Turn down the volume for increased well being
By Sherlina Nageer On July 24, 2015 In Daily,Features
One thing I noticed immediately when I first moved back to Guyana several years ago was how loud the place was. I’d lived in big cities for many years, but even so, I was not prepared for the sound of Guyana. From the booming minibuses, church halls, bars, clubs, rum shops, and neighbours-the level of noise in Guyana was astounding, and that wasn’t even taking into consideration the road traffic and industrial/construction noise.
In other places around the world, there is a zoning system which separates land into different usage areas such as residential, commercial, or recreational. Under such a system, churches, bars/clubs, industrial workshops, and other businesses are not located in the same areas where people live, in recognition by the authorities of the fact that people often want and deserve peace and quiet in their homes. Sadly however, this system is virtually nonexistent in Guyana.
While this can be remedied though, another thing that we’re lacking-which legislation cannot provide-is consideration for others. While bars/clubs/churches/ businesses eventually close, the noise coming from a neighbour can occur at any time. Too many Guyanese blast music from their homes and vehicles at ear splitting levels, without any concern for whether the people around them might want to sleep, study, be sick, or simply not be a fan of the same kind of music. Aside from being annoying, there is actual scientific evidence that too much sound, at too high a level, can be harmful to human health and well-being.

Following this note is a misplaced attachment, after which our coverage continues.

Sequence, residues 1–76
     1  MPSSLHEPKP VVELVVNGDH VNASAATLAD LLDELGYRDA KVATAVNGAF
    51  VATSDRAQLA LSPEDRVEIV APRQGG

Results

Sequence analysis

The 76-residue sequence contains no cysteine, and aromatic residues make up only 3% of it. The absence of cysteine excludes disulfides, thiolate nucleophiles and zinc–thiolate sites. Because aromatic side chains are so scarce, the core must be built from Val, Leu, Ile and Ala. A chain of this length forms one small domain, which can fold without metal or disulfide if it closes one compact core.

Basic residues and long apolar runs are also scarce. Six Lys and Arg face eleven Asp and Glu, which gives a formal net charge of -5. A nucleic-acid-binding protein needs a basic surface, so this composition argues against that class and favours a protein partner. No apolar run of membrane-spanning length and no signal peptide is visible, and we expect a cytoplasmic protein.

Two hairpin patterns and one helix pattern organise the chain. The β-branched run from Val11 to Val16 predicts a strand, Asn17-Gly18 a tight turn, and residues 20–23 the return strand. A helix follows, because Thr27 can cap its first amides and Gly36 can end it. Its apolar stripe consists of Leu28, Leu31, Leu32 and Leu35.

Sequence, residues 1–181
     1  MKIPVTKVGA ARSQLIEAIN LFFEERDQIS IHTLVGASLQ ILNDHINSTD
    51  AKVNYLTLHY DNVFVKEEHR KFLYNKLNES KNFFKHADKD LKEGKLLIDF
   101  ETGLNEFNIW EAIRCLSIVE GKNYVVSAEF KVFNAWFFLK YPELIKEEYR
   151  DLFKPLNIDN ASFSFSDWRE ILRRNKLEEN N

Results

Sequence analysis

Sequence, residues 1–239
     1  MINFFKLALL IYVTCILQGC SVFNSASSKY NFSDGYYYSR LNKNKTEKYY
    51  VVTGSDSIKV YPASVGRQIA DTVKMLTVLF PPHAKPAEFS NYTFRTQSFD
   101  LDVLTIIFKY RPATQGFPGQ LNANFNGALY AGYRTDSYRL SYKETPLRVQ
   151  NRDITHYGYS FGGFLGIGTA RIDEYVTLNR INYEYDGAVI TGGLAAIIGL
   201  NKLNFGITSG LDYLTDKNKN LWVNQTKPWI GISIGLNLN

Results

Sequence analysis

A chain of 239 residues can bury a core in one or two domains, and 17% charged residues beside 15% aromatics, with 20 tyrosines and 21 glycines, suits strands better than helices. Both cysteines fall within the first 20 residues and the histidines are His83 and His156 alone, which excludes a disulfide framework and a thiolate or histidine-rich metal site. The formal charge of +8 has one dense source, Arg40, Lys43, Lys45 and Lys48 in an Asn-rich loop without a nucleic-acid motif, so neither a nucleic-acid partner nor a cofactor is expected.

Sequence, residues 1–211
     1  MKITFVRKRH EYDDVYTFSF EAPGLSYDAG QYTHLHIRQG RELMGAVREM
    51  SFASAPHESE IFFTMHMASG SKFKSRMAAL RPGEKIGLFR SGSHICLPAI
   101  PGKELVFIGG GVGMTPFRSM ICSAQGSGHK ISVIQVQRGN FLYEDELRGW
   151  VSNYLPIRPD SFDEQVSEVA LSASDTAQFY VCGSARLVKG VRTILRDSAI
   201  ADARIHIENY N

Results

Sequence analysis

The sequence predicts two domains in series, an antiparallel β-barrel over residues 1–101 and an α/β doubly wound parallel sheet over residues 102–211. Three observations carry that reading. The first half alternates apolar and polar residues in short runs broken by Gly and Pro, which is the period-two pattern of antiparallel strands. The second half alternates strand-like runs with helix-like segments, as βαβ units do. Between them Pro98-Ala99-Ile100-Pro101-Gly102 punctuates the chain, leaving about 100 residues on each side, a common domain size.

According to the World Health Organization, “Excessive noise seriously harms human health and interferes with people’s daily activities at school, at work, at home and during leisure time. It can disturb sleep, cause cardiovascular and psychophysiological effects, reduce performance and provoke annoyance responses and changes in social behaviour.” The fact is that noise pollution- as excessive noise is termed-has both temporary and longer-term negative effects on our well-being.
Hearing loss is the first and most obvious effect. This can occur with prolonged exposure to sound at 85 decibels or higher (for reference, the sound of a hairdryer is 90 dB and a motorcycle 95 dB). This is why protective gear is essential for workers at airports, factories and other noisy industries. However, the other effects of noise pollution are also serious.
Excessive noise triggers the nervous, hormonal, and immune systems and numerous studies have confirmed that noise pollution increases heart rate, blood pressure, and stress levels, while decreasing memory, productivity, reading comprehension, problem solving, and quality of life. Data actually links noise pollution to premature deaths from heart disease.
The fact that noise pollution increases stress level and reduces the quality of our sleep also has wide-ranging implications for our health. Sleeplessness and stress are contributing factors to numerous diseases, and also impact how well and quickly we recover from illness/injury. In addition, there is evidence that noise can increase aggression and reduce empathy. Let us remember as well that noise has been used as a tool of psychological torture.